The World Series begins Tuesday, and this World Series is full of great players who have never won a championship before. That’s the goal of any player, to win a title, which is why the truly great players always try to make sure they get one before they retire. You can be one of the greatest players of all time, but if you don’t get that World Series trophy, your career can’t help but feel a little bit incomplete.
So today we look at the best player in franchise history for every team who never ended up getting a World Series title. We’re not talking about the best player to only briefly play for that franchise -- we mean a player who had the best career with that particular team who never won a title anywhere, with that team or elsewhere. (It’s why Mark McGwire isn’t the Cardinals' pick; he never won one there, but he won one in Oakland. It’s also why Phil Niekro wouldn’t be, say, the Yankees’ pick, since he only played there briefly despite never winning one ever.) Here’s the best not to get one.
Note: Years listed are the years the player spent with that club. Asterisk(*) denotes a Hall of Famer.
AMERICAN LEAGUE EAST
Blue Jays -- Roy Halladay*, RHP (1998-2009): Apologies to the great and underappreciated Dave Stieb, but Halladay’s a Hall of Famer who only made the postseason twice, both with Philadelphia. He didn’t win a title … but he did get to throw a no-hitter.
Orioles -- George Sisler*, 1B (1915-27): He’s counted, of course, as a member of the St. Louis Browns, which is why he has a statue outside Busch Stadium but not outside Camden Yards. If you’re going with just Orioles … the answer here might be Brady Anderson? Adam Jones? The Orioles haven’t won a ton of World Series titles (three), but their icons have all been a part of at least one of them.
Rays -- Evan Longoria, 3B (2008-17): The best Ray ever, by far, to this point … and the Giants look rather far from winning one for him.
Red Sox -- Ted Williams*, RF (1939-60): Teddy Ballgame was American League MVP in 1946, the only year he reached the World Series, but he went 5-for-25 in the seven-game loss to the Cardinals.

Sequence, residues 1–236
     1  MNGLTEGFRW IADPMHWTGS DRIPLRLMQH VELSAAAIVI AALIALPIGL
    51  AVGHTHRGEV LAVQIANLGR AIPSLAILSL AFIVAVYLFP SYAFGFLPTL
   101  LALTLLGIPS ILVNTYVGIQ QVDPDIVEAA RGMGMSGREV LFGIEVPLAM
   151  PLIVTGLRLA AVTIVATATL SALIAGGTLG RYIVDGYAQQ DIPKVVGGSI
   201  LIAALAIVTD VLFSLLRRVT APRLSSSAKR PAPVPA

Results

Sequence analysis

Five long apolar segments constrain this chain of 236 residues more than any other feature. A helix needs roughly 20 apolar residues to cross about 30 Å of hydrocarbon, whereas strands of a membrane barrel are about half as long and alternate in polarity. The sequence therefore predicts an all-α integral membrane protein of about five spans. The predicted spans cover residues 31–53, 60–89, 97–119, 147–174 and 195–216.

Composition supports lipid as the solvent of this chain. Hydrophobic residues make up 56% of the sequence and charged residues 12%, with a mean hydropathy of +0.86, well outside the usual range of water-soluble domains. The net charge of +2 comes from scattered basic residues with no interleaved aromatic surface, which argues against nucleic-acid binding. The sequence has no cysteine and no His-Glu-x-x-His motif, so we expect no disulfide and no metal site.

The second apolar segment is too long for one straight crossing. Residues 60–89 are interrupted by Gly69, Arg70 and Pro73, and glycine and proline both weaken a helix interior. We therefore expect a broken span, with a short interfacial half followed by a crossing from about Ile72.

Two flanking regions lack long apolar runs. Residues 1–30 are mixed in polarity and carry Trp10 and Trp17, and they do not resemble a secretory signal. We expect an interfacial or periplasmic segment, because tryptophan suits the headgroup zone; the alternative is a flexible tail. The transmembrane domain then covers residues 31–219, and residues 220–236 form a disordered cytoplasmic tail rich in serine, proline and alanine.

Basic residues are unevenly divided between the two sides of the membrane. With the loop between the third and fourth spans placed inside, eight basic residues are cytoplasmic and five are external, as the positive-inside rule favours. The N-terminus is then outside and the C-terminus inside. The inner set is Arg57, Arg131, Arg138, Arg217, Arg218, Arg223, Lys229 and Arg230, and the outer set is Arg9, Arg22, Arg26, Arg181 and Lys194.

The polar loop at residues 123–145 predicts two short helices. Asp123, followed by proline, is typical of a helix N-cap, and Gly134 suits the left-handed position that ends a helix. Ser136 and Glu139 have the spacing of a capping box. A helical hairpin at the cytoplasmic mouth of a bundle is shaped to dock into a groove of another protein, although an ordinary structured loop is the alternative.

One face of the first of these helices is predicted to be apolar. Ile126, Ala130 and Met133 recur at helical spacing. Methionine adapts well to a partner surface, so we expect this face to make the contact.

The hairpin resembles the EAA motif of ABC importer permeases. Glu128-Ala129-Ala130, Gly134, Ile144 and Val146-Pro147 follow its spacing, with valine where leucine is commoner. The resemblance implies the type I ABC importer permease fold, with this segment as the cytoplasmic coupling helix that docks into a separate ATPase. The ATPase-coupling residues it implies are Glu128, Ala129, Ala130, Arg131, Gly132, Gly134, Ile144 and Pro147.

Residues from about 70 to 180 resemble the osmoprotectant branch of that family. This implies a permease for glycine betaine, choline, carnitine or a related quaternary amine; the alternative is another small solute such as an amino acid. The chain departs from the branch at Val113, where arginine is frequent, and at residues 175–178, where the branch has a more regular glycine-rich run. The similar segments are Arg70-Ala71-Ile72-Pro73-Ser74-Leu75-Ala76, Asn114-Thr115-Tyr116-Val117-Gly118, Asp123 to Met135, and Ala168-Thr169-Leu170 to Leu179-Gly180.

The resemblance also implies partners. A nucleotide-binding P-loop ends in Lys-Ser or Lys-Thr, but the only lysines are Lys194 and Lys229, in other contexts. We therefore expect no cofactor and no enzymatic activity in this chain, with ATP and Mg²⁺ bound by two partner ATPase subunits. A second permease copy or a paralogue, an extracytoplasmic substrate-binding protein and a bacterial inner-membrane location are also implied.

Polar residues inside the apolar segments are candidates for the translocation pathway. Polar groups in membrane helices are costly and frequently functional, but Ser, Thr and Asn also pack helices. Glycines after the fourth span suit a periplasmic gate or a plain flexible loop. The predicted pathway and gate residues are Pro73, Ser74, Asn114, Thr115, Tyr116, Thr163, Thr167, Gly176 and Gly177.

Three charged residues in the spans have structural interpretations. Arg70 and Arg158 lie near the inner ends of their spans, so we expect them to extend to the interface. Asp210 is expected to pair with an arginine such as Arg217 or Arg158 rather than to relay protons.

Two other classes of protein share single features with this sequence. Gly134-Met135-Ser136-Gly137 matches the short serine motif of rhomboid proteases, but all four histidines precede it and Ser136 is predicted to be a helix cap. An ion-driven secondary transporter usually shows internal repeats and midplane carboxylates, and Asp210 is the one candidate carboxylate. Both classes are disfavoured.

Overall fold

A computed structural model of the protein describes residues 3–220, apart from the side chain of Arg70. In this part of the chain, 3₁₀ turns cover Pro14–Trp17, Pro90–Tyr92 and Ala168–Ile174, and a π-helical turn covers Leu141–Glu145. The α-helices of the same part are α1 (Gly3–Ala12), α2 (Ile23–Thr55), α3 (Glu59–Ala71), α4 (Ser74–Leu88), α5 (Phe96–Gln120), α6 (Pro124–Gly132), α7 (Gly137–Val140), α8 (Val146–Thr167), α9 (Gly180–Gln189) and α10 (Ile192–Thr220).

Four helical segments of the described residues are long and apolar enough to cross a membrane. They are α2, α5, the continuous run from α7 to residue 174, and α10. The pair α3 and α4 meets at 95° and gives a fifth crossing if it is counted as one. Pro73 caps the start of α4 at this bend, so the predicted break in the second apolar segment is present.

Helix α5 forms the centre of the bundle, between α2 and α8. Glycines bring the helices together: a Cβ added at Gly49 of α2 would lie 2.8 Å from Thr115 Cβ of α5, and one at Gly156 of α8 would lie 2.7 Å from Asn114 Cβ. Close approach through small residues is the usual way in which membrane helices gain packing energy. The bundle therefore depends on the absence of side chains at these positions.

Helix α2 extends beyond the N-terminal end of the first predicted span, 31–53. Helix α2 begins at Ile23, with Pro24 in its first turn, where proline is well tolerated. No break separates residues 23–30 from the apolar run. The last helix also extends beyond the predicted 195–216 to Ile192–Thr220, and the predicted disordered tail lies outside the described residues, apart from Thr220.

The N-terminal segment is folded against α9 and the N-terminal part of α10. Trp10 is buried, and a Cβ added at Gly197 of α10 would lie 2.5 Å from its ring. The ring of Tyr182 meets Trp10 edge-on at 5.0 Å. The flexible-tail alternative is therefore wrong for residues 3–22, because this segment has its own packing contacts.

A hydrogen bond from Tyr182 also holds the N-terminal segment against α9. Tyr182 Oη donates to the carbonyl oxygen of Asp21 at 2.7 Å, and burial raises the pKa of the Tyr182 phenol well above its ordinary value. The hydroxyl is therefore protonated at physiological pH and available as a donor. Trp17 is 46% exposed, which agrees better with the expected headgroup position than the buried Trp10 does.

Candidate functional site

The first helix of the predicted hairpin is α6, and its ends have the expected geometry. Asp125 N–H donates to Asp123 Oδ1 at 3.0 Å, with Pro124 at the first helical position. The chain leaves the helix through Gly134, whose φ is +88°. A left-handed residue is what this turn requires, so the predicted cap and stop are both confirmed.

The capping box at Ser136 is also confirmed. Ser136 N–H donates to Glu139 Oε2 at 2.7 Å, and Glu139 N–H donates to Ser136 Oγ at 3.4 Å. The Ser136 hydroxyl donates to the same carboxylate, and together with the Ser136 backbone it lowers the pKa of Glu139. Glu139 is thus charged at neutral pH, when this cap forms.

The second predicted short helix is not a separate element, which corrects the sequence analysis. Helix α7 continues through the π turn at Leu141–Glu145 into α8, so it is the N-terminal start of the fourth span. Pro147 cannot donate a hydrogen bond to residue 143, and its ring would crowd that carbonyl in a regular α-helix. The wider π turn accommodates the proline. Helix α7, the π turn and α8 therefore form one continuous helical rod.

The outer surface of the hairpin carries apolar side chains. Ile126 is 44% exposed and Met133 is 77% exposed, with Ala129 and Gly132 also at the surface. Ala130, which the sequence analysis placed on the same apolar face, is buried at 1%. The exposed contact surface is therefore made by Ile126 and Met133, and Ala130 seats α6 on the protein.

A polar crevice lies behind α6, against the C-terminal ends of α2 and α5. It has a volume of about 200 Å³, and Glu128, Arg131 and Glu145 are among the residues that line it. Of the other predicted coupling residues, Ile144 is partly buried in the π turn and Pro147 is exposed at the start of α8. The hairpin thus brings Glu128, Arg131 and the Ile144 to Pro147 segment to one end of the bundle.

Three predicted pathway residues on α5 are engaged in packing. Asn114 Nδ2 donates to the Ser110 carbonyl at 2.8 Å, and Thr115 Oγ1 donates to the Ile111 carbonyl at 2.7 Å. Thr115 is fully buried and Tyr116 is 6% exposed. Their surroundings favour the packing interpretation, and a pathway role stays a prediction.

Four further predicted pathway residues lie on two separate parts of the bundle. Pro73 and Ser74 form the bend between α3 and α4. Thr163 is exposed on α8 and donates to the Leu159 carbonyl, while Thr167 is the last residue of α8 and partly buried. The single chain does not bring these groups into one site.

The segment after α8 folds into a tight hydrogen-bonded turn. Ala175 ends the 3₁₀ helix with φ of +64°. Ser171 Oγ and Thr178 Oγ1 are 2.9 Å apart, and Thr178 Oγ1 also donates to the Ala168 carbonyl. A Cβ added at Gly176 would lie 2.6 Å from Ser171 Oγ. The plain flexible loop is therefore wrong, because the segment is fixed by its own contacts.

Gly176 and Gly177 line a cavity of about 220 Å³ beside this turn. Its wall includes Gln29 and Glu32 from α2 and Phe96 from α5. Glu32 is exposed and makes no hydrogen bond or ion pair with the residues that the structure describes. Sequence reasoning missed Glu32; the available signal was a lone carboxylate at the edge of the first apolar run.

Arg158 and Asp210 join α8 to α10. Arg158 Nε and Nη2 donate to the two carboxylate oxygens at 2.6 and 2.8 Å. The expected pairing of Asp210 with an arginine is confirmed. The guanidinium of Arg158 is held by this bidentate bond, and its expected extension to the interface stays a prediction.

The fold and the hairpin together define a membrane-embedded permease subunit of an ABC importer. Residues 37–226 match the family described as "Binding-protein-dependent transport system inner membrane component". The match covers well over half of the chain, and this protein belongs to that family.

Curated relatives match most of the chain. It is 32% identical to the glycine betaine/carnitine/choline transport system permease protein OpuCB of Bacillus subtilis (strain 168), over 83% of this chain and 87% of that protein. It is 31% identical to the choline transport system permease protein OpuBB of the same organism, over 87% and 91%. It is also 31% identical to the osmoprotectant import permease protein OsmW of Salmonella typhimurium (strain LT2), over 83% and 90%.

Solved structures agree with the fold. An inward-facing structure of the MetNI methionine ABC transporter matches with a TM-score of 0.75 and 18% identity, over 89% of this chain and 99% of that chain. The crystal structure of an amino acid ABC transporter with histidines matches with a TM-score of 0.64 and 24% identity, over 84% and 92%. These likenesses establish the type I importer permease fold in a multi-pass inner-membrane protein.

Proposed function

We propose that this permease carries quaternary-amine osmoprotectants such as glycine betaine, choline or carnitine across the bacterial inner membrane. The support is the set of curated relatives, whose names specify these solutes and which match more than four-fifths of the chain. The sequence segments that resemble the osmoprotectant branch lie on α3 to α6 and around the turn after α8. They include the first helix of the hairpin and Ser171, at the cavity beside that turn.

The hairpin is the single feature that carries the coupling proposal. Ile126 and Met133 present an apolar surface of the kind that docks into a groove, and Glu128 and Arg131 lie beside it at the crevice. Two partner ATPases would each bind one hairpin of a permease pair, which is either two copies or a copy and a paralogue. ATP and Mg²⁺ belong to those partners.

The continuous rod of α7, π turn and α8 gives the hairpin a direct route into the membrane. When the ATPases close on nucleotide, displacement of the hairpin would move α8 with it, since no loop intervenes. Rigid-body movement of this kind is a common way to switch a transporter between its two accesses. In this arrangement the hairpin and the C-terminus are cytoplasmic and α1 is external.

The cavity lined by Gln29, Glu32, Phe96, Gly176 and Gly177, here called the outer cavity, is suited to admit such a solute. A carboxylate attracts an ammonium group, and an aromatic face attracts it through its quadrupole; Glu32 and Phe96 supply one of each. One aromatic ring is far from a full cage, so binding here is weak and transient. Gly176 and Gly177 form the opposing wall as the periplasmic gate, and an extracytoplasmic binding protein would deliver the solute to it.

Yankees -- Don Mattingly, 1B (1982-95): Poor Mattingly happened to be the best player on the Yankees during the exact wrong era to be the best player on the Yankees.
AMERICAN LEAGUE CENTRAL
Indians -- Nap Lajoie*, 2B (1902-14): To be fair, Nap played six years before there actually was a World Series. His teams only finished better than third place once, but they went ahead and named the team after him anyway. (Yes, Lajoie was so popular that the club switched its name from the Bronchos to the Naps after his first year there. It changed to the Indians in 1915, the season after Lajoie retired.)
Royals -- Amos Otis, CF (1970-83): Otis just missed out, leaving the Royals in 1983, two years before they finally got one. His Royals won a pennant but lost to the Phillies in six in '80.
Tigers -- Ty Cobb*, CF (1905-28): The Tigers made the World Series every year from 1907-09, but they lost all three. Cobb’s lifetime batting average was .366, but in the World Series, it was .262.
Twins -- Rod Carew*, 1B/2B (1967-78): Carew first appeared in the postseason in 1969 with the Twins, and last appeared in '82 with the Angels. But he never won a postseason series, and thus never reached the World Series.
White Sox -- Luke Appling*, SS (1930-50): He played for the White Sox from 1930-50, and they had only six winning seasons during that time.
AMERICAN LEAGUE WEST
Angels -- Mike Trout, CF (2012-present): Will he end up retiring atop a dubious list like this? Let’s get the first postseason game victory out of the way first.
Athletics -- Eric Chavez, 3B (1998-2010): Every great era of A’s history ended in a championship … except for Chavez’s. Matt Chapman may take over his spot soon.
Mariners -- Ken Griffey Jr.*, OF (1989-1999): The Kid’s lone postseason series win was that one against the Yankees back in 1995. Edgar Martinez played more years with Seattle, so you could make an argument for him, but he did not have anywhere the cultural impact, and does trail Griffey in career WAR in a Mariners uniform (68.4 to 70.6). If you’re curious, Ichiro’s career WAR with Seattle is 56.3.